Thursday, July 14, 2005

A Social Outing! Wheee!

Yesterday, I got together with some friends from college. My friend K was visiting from Florida, and I think it was the first time the four of us had been in the same ZIP code in 3 years.

What fun! In addition to the four adults were our seven kids. I think if I had had some play group experience under my belt, all the attendant chaos wouldn't have seemed quite so overwhelming. But overwhelming in a good way.

Sean really warmed up to the other kids, most of whom were older than him (ranging from age 5 to 10). He tends to keep to himself when other kids are around, but this time he seemed quite engaged. I loved watching him play in the pool, somewhat oblivious to the rather elaborate rules the older girls were trying to enact ("Okay! Everyone out of the pool, line up back here, bigger kids first, jump in the pool, then jump right out. Now get those noodles out of the pool. Sean, you need to get out of the pool. Sean! Get out, Sean! Okay, go!"). He was having too much fun to notice that he couldn't jump as well as the big kids.

Allie was the youngest one there, and through luck of biology, I was the designated Allie Chaser. I was a little envious at first that my friends were able to chat by the pool, intervening verbally with their kids when necessary, while I zig-zagged across the yard in hot pursuit of She Who Will Not Stay Still, Ever. Fortunately my friends are also exceptionally considerate, and they decided they would take turns watching Allie so that I could sit by the pool for a bit, too.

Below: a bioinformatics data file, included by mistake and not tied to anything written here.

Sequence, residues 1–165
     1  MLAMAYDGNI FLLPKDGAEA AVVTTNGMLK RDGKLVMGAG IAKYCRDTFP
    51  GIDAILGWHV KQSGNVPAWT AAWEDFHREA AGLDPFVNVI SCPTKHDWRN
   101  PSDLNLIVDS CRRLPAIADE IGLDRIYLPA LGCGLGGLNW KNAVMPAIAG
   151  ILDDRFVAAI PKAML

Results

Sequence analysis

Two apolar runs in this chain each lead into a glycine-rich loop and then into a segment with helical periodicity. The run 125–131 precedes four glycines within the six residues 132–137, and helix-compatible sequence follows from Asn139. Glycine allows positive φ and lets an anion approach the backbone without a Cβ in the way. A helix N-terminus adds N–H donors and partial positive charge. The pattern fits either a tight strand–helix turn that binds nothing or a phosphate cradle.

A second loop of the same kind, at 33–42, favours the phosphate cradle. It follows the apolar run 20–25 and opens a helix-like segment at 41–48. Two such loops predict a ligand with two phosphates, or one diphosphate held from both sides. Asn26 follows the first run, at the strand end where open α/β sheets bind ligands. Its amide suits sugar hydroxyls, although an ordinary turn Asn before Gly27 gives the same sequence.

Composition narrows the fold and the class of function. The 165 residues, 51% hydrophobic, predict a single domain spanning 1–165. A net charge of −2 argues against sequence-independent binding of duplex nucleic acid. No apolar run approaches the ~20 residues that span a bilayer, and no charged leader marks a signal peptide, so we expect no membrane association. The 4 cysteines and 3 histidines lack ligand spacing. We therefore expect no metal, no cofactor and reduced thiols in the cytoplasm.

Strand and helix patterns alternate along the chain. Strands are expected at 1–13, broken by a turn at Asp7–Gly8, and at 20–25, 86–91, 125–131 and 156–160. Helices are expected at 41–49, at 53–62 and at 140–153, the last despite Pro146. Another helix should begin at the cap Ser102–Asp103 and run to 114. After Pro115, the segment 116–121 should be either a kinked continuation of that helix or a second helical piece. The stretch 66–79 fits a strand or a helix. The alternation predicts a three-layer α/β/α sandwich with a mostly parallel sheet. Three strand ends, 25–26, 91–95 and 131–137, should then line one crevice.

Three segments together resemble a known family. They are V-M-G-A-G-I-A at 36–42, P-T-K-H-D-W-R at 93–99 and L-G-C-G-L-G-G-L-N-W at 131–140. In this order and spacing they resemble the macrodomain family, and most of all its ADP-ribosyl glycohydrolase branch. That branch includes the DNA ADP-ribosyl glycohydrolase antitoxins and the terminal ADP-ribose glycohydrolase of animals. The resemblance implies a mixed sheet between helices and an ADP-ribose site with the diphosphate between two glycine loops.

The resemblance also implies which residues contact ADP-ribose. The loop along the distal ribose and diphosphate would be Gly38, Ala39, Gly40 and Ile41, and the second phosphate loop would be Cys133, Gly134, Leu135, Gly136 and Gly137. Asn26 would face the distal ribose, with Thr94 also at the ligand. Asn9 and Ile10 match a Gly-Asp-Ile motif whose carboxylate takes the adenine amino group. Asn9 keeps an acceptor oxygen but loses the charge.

The collective parenting that goes on in situations like this is striking. Everyone looks out for one another's kids, everyone pitches in, and it feels like a, well, community. In the "it takes a village" sense. I can imagine that the potential for hurt feelings or resentment is also great, depending on the degree of intervention and the diversity of parenting philosophies. In this case, though, we were all pretty much on the same page.

Also of note, my kids fell asleep in the car on the way home and successfully weathered the car-to-bed transfer -- with only minimal, short-lasting waking up. For Allie especially, this is nearly unprecedented. Normally, she wakes up as soon as the engine turns off and cannot be cajoled into falling back asleep.

I had planned on posting some photos, but my addled brain has struck again: I left the camera at my friend's house. It's an hour away, too, and I'm not exactly relishing the prospect of retrieving it. Oh, well. That's the only sour note for the whole day.